Wednesday, June 18, 2014

‘Savage Beauty’ Alexander McQueen

I was weary of couture. There were artists to be sure, but the runways of Fashion Week had more and more become flooded with a lot of hype and nothing really interesting or new to say. I felt jaded and bored by the endless parade of 'shocking' silhouettes that often had nothing whatever to do with the human forms they rested upon. I just didn't believe anything could be great anymore- until I saw Alexander McQueen.

He electrified my senses with his materials, themes, artistry and overwhelming beauty. When I was lucky enough to hold some of his pieces in my hands, I was in total awe of the exacting and elegant craftsmanship that allowed the garments to take on their own life.

My heart was broken the day I found out he took his own life. I selfishly wanted him to continue to surprise, challenge and delight me (and the world) for ever and ever.


  1. Coture is one of those endeavors and worlds I see as "non-survivors" in the rapidly arriving future. So many bizarre and harmful aspects, like the skeletal models. And I confess to being of e.e.cummings' opinion in "mr youse needn't be so spry, concernin questions arty". :-) Even a lily with wilted petals can be appreciated for what it is- I'd rather not gild.

    But- yes, this guy is arresting. I like the feather work very much

    1. Yes, that. It is always 'the trick' to push to the edge but not guild the lily. Rarely accomplished in any art form, but always revered upon fruition.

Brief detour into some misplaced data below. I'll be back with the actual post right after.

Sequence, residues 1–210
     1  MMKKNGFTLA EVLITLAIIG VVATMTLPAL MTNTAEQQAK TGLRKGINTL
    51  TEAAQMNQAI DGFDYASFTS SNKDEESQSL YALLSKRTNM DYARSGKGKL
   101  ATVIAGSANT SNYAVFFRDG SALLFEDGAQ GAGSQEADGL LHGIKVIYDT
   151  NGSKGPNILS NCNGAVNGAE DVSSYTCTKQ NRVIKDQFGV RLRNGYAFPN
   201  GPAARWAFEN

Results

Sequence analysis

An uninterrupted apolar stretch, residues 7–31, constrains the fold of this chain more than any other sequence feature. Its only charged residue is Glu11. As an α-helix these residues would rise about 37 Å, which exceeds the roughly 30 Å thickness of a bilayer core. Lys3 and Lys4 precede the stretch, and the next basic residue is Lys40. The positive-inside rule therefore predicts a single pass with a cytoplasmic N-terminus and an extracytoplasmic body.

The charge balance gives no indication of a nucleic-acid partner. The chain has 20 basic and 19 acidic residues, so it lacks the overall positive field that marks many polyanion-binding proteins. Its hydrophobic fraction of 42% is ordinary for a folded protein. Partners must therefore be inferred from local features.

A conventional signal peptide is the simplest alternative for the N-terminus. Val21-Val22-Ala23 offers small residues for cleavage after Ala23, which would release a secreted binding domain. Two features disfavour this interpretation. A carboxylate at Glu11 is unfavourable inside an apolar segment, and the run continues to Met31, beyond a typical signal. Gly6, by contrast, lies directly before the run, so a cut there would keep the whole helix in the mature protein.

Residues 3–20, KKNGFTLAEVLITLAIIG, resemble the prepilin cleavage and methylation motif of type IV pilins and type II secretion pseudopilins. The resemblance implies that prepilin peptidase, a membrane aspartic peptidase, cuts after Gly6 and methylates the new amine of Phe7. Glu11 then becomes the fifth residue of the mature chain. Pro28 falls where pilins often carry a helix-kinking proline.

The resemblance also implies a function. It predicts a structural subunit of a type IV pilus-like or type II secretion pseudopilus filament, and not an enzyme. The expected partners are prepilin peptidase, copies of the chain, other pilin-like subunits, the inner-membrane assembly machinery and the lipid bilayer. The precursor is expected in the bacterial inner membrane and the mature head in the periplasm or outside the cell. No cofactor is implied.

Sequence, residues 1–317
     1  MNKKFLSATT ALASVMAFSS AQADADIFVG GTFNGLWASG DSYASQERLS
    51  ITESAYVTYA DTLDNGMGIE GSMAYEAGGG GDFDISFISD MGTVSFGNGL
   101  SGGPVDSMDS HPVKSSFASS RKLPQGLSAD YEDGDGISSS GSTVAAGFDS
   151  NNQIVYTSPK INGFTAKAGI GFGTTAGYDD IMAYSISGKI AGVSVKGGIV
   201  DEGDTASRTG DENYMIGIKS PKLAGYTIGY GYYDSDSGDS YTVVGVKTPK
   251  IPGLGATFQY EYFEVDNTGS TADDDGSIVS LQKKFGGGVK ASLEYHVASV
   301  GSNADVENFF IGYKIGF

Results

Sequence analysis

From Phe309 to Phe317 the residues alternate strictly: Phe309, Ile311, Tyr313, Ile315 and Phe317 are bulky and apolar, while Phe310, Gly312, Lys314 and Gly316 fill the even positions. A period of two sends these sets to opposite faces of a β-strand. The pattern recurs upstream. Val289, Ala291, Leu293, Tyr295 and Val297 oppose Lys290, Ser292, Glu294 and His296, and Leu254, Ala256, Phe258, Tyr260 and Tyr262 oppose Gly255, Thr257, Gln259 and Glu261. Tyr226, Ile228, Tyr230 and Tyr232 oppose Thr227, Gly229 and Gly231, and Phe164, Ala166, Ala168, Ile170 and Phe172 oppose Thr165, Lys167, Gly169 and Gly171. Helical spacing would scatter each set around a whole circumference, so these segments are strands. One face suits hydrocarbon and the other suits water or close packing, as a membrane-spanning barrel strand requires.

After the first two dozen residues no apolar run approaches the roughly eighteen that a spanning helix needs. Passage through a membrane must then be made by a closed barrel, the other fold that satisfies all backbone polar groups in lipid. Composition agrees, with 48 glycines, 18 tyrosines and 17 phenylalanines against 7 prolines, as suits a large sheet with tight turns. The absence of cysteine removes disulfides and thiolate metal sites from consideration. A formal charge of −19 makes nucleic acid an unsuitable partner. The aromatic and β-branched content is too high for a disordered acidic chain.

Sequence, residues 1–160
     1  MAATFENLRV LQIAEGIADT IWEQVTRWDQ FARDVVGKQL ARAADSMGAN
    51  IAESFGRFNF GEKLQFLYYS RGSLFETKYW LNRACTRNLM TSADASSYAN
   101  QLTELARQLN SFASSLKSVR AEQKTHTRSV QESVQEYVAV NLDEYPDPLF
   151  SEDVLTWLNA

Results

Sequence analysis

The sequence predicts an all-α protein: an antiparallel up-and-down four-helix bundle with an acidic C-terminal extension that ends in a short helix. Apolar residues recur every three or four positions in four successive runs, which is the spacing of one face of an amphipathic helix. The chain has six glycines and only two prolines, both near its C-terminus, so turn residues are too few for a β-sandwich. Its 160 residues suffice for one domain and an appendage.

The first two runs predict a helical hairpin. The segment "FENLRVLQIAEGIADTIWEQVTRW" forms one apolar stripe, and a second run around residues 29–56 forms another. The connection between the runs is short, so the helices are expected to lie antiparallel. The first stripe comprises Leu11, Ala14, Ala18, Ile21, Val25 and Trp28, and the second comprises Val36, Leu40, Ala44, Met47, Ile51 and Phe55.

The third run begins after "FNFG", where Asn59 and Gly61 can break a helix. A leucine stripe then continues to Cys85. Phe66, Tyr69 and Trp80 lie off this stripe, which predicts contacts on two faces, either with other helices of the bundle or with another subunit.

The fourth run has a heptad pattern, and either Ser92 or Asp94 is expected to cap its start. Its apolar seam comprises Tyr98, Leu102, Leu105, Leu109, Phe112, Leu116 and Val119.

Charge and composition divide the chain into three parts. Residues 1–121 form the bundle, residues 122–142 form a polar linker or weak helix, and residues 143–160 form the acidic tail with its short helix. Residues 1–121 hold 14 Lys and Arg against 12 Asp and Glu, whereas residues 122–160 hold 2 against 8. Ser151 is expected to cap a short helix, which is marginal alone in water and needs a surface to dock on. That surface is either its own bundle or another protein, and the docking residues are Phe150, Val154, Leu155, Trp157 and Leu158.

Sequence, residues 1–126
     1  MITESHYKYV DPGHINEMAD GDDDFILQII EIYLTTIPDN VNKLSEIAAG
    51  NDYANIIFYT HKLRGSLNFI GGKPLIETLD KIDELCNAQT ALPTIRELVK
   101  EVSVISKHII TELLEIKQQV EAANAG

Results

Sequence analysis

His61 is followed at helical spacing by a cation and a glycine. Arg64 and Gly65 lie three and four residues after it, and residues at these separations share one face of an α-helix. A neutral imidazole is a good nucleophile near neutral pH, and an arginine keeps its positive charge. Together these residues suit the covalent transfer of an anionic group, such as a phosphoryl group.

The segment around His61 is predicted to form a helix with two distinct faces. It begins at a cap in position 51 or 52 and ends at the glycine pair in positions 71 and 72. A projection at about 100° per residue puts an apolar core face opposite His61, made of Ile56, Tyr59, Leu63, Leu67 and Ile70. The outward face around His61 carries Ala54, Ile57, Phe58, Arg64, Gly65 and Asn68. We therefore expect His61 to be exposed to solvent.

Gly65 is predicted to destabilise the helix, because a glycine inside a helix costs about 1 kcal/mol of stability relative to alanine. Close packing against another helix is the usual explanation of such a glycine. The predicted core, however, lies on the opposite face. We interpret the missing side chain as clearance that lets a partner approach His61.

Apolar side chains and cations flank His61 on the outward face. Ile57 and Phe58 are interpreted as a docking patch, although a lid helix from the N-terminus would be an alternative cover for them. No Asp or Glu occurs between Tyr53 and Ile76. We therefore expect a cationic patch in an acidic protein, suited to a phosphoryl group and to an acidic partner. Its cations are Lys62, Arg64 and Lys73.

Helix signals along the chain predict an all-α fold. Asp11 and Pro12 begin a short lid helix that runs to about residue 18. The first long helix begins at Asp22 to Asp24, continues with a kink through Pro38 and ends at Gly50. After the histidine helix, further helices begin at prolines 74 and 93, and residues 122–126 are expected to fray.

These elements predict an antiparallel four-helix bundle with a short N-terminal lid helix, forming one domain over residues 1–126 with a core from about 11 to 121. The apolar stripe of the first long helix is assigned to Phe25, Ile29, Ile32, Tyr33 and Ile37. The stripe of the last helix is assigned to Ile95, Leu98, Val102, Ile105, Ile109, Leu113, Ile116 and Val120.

As for e.e.cummings advice; CORRECT!


    2. P.S.

    3. Sure. It's an ancient and broad phenomenon. But I would contend the aboriginal adornments are basically different from coture. Both are involved in expressing status- the aboriginal ornaments are very likely to be heirlooms, or to become such. Coture is designed to be thrown away and obsolete next week. Aboriginal relates to status in the tribe; coture to - money. :-)

    4. Haute couture is the art. Prêt-à-Porter is the ready to wear, factory made, throw away stuff- but you're right, it ultimately represents status to the wearer.

      My point in the google link was to say that self adornment seems to be an inseparable element to the humans and their living experience no matter what the culture. I do agree (of course...) that in our culture this inclination has morphed into something perverse and 'disposable'. Having said that, I cannot deny that there is sometimes purity in intention even in the dark world of fashion.

      Beauty is beauty no matter the medium. :)

    5. I do love intelligent conversation. :-) Good points.

      There IS something basic here; children love to paint themselves, and make bracelets and garlands out of anything they can find. That would make an interesting set of photos...

    6. I'm putting that idea on my 'To Do' list!